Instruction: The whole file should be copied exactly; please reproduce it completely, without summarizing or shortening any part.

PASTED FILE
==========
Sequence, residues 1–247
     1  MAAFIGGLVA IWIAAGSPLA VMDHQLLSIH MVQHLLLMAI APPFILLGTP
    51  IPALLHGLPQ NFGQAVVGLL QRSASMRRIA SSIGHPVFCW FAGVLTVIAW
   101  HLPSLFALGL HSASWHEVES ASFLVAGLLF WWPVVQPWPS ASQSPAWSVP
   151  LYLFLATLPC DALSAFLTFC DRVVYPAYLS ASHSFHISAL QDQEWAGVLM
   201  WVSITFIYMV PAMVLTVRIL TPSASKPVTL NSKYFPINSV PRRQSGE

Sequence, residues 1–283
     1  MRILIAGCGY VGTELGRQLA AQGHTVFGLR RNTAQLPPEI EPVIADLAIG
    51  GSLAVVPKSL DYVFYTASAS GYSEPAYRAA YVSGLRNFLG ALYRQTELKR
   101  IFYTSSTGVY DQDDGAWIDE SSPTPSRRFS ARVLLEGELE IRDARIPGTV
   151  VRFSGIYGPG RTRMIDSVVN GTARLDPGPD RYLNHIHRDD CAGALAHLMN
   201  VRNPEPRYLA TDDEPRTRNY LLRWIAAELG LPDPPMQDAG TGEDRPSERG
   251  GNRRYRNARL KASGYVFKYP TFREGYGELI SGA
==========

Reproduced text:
Sequence, residues 1–247
     1  MAAFIGGLVA IWIAAGSPLA VMDHQLLSIH MVQHLLLMAI APPFILLGTP
    51  IPALLHGLPQ NFGQAVVGLL QRSASMRRIA SSIGHPVFCW FAGVLTVIAW
   101  HLPSLFALGL HSASWHEVES ASFLVAGLLF WWPVVQPWPS ASQSPAWSVP
   151  LYLFLATLPC DALSAFLTFC DRVVYPAYLS ASHSFHISAL QDQEWAGVLM
   201  WVSITFIYMV PAMVLTVRIL TPSASKPVTL NSKYFPINSV PRRQSGE

Sequence, residues 1–283
     1  MRILIAGCGY VGTELGRQLA AQGHTVFGLR RNTAQLPPEI EPVIADLAIG
    51  GSLAVVPKSL DYVFYTASAS GYSEPAYRAA YVSGLRNFLG ALYRQTELKR
   101  IFYTSSTGVY DQDDGAWIDE SSPTPSRRFS ARVLLEGELE IRDARIPGTV
   151  VRFSGIYGPG RTRMIDSVVN GTARLDPGPD RYLNHIHRDD CAGALAHLMN
   201  VRNPEPRYLA TDDEPRTRNY LLRWIAAELG LPDPPMQDAG TGEDRPSERG
   251  GNRRYRNARL KASGYVFKYP TFREGYGELI SGA